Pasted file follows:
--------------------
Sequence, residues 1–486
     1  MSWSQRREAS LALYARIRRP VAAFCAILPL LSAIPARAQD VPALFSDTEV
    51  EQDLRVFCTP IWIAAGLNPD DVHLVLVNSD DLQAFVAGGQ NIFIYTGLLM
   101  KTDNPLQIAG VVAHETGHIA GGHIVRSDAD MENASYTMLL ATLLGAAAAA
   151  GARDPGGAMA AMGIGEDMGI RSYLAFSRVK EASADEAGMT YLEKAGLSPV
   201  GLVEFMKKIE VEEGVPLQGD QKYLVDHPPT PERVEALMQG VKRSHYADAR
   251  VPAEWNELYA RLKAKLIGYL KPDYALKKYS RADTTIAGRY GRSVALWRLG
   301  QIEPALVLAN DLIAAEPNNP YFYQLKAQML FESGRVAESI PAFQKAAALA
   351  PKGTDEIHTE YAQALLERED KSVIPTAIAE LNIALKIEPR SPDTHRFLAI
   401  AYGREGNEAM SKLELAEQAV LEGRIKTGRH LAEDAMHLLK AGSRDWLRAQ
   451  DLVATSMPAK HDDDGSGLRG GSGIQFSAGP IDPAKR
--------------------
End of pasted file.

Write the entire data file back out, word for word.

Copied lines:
Sequence, residues 1–486
     1  MSWSQRREAS LALYARIRRP VAAFCAILPL LSAIPARAQD VPALFSDTEV
    51  EQDLRVFCTP IWIAAGLNPD DVHLVLVNSD DLQAFVAGGQ NIFIYTGLLM
   101  KTDNPLQIAG VVAHETGHIA GGHIVRSDAD MENASYTMLL ATLLGAAAAA
   151  GARDPGGAMA AMGIGEDMGI RSYLAFSRVK EASADEAGMT YLEKAGLSPV
   201  GLVEFMKKIE VEEGVPLQGD QKYLVDHPPT PERVEALMQG VKRSHYADAR
   251  VPAEWNELYA RLKAKLIGYL KPDYALKKYS RADTTIAGRY GRSVALWRLG
   301  QIEPALVLAN DLIAAEPNNP YFYQLKAQML FESGRVAESI PAFQKAAALA
   351  PKGTDEIHTE YAQALLERED KSVIPTAIAE LNIALKIEPR SPDTHRFLAI
   401  AYGREGNEAM SKLELAEQAV LEGRIKTGRH LAEDAMHLLK AGSRDWLRAQ
   451  DLVATSMPAK HDDDGSGLRG GSGIQFSAGP IDPAKR